Los Verdes’ IRR of 46% is the highest in the database. Given that it is also the smallest mine in the database at only 7.7 million tons and grading a modest .64% copper, .12% molybdenum, .07% tungsten, and 5 g/t silver (1.04% CE / 88 g/t SE) it presents an interesting study for the keys to economic success. Los Verdes benefits from (1) being in a location with excellent infrastructure, (2) being an open pit operation, (3) having low upfront capital costs, and (4) being a polymetallic project. Chinchillas also possesses similar characteristics which helps place it as the 3rd highest IRR development project in the database.

A Key Observation

Almost irregardless of grade, if there is one attribute that I could encourage investors to focus on when assessing the merits of various lower grade projects it would be the initial capital cost. The projects that command a higher projected IRR almost invariably have lower upfront capital requirements. To demonstrate this fact, in Table 1 I listed some key projects that score more favorable IRR projections due to their lower upfront capital costs relative to their overall resource size. (Note: this is not an exact measure because some projects may have additional, lower confidence resources that I did not include.) One of these mines is producing and a few are under development, but the majority are still on the fence as decision makers are still determining whether or not they want to move forward with them. All of these projects are open pit mines (at least initially), except for Florence, and all primary copper projects:

Table 1: Mining Projects with Lower Initial CAPEX to Resource Size

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These 10 projects have initial capital expenditures (CAPEX) to resource size ratios ranging from .6 to 3.2 (King-King shows up here at 3.3, however, it is actually lower because the mine plan uses a larger resource size). Note that THEMAC Resources’ Copper Flat mine is the project with the highest inital CAPEX to resource size and also the project with the lowest projected IRR of the group. Overall, there is a general trend that for a lower grade project to achieve an IRR exceeding 20% it needs to have an inital CAPEX to resource size ratio below 3. It is interesting that Caravel Minerals’ Calingiri prjoect has a CE grade of only .34%, yet presents an estimated IRR of 25% mostly due to its lower intial CAPEX requirements. 

Now let us have a look at 10 projects in Table 2 with higher initial CAPEX to resource requirements. 

Table 2: Mining Projects with Higher Initial CAPEX to Resource Size

                                                                  click to enlarge

These 10 projects have initial CAPEX to resource size ratios ranging from 3.2 to 13.4. Here we see the necessity for projects with very high initial CAPEX to resource ratios to have substantially higher grades to produce a respectable IRR. For example, being a very small copper deposit, Copper North’s Carmacks project has a very high initial CAPEX to resource size ratio, yet is able to generate an estimated IRR of 19% because its CE grade is 1.3%. 

Unlike the projects in Table 1, this list in Table 2 includes two silver-lead-zinc projects (Pitarrilla and Corani) and one silver-gold project (La Preciosa). Pitarrilla has the second highest CE grade (140 g/t SE grade) in the entire database, yet still has an estimated IRR of only 8%. Of these three primary silver projects, Bear Creek’s Corani mine poses the best possible IRR and, not surprisingly, it has the lowest inital CAPEX to resource ratio of the three.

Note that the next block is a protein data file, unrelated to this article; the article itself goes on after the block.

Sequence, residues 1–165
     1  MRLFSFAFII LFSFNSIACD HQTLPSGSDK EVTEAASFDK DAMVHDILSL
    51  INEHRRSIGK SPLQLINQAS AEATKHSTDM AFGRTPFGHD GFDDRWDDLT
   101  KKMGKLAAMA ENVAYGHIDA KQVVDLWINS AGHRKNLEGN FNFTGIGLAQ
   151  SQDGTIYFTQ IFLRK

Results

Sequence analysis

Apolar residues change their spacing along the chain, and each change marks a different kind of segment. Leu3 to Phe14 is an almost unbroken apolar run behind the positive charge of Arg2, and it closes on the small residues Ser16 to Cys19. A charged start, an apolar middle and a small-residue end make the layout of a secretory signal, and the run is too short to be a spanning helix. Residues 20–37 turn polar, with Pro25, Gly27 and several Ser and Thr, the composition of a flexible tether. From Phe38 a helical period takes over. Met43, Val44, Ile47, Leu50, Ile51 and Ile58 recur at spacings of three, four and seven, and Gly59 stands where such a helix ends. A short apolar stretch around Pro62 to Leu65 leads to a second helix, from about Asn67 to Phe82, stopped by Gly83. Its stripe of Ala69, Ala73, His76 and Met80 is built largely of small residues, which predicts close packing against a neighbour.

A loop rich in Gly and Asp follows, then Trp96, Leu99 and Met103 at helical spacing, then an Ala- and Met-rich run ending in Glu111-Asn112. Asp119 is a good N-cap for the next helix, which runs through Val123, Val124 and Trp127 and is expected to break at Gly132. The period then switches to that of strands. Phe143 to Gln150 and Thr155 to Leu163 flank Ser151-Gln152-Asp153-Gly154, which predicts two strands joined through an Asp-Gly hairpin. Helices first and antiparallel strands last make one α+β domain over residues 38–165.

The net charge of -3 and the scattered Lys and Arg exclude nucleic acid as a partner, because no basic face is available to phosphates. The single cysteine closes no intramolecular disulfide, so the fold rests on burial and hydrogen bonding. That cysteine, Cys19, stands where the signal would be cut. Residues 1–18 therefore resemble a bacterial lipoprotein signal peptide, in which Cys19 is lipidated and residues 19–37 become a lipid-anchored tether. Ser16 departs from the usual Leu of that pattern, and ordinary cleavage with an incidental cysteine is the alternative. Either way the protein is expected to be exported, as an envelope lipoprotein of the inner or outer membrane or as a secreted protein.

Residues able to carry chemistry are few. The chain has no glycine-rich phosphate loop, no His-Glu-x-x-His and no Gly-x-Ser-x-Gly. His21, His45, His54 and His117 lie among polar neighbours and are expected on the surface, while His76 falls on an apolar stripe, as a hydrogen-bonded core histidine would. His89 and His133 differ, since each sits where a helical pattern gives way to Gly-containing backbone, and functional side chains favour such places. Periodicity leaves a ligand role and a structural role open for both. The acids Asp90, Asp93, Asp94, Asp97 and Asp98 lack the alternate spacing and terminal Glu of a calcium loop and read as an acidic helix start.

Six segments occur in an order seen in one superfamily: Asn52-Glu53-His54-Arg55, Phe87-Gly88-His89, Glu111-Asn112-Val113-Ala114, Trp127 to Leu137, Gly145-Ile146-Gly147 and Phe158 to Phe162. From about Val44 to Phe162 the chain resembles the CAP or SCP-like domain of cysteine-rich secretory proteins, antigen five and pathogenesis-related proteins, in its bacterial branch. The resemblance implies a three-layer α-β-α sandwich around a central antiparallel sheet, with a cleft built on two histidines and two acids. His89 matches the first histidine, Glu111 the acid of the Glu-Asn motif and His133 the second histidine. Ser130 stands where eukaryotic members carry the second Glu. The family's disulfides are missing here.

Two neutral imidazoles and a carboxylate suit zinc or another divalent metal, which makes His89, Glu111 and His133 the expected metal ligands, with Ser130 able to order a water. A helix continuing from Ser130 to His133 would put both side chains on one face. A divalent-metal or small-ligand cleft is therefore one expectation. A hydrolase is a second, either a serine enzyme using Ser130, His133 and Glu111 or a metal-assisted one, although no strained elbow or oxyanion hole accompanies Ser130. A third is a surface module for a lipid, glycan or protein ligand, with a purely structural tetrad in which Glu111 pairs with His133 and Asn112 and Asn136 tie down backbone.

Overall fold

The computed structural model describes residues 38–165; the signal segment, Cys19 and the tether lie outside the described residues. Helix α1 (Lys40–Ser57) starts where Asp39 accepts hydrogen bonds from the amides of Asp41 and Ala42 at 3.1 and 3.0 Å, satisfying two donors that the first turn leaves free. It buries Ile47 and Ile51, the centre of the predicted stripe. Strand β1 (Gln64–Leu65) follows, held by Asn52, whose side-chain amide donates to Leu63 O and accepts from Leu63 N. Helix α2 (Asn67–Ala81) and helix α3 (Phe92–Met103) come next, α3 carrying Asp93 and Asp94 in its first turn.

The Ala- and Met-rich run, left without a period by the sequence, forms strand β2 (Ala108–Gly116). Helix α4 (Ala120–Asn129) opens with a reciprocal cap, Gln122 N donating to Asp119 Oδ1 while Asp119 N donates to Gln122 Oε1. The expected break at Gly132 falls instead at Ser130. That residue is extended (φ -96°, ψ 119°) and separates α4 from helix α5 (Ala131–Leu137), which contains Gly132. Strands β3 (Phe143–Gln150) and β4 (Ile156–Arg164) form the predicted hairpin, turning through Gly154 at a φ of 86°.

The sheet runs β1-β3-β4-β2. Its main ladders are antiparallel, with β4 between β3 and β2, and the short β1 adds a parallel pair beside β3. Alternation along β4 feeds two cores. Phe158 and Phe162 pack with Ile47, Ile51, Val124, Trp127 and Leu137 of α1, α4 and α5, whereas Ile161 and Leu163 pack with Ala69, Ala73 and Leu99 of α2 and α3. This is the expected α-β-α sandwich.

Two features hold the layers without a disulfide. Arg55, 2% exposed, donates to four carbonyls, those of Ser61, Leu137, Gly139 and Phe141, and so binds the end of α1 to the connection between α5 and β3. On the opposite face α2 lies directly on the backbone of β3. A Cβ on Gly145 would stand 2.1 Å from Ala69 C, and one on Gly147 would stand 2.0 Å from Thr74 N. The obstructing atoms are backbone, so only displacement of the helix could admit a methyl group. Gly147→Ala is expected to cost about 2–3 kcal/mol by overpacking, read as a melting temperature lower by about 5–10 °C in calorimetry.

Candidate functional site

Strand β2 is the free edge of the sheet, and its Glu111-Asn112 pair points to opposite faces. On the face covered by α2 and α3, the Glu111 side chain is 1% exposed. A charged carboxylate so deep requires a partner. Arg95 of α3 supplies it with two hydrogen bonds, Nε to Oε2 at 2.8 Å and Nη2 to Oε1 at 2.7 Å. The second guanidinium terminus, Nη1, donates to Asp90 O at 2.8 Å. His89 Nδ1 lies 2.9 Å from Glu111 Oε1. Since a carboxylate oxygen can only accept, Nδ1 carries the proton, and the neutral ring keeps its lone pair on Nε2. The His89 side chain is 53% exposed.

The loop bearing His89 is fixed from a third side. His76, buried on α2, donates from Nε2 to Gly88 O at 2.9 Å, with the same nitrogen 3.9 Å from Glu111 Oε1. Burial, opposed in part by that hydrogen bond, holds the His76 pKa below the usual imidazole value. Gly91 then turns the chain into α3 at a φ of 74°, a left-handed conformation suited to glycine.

Overall, Table 2 shows us that a project with an initial CAPEX to resource size ratio exceeding 3 will most likely have an estimated IRR In the 8% to 19% range, depending upon other factors

Strategic Conclusions

Here is a list of the most important takeaways I derived from this analysis of lower grade mining projects:

  • The lowest tier projects have to be open pittable and they have to contain proven & probable reserves of at least 100 million tons to work. 
     
  • For the lowest tier projects to be somewhat attractive economically—call it an estimated IRR of 25% or more—they will likely need an initial CAPEX requirement of no more than two times the size of the resource. 
     
  • Forget about mining anything low grade underground. There is not one underground project in the entire database that is attractive economically.
     
  • When examining economic assessments for mine plans, focus on the intial CAPEX requirements. For a lower grade project to achieve an IRR exceeding 20% it needs to have an inital CAPEX to resource size ratio below 3.
     
  • Good sized projects that can achieve IRRs exceeding 30% in decent jurisdictions will likely be snatched up by intermediate or major producers. An example of this is Chinchillas. With an initial CAPEX to resource ratio of 1.6 and a projected IRR of 29%, Silver Standard moved to form a joint venture with Golden Arrow to develop the project. 

Questions or comments about this analysis? Want to know if a particular project is in the database or where it would fall in if it was? Leave your comment below and let’s start a discussion. 

 

Joshua Hall, ChFC

 

Disclosures:

The True Vine Letter is a publication of True Vine Investments, the investment advisory business of Joshua S. Hall, ChFC, and a Registered Investment Advisor in the U.S.A. The information presented is for educational purposes only and should not be regarded as specific financial or investment advice nor a recommendation to buy or sell securities or other investments. It does not have regard to the investment objectives, financial situation, and the particular needs of any person who may read this Letter. True Vine Investments will not be held responsible for the independent financial or investment actions taken by readers. All data presented by the author is regarded as factual, however, its accuracy is not guaranteed. Investors are encouraged to conduct their own comprehensive evaluation of financial strategies or specific investments and consult a professional before making any decisions.

The True Vine Letter often provides analysis on specific companies. True Vine Investments does not receive compensation for this analysis. Various companies are reviewed to highlight aspects of the decision making process used by the Advisor in selecting securities for various portfolio strategies. These reviews are for educational purposes only and not a recommendation to buy or sell securities or other investments. In no way should they be construed as investment advice. The companies reviewed are often junior miners which are often illiquid, highly volatile, and extremely risky. They should only be held as part of a broader portfolio managed by a professional or other experienced and sophisticated investor. The clients of True Vine Investments always come first. The Advisor reserves the right to buy or sell any security at any time, often for reasons not related to analysis provided in the Letter, to properly manage their portfolios.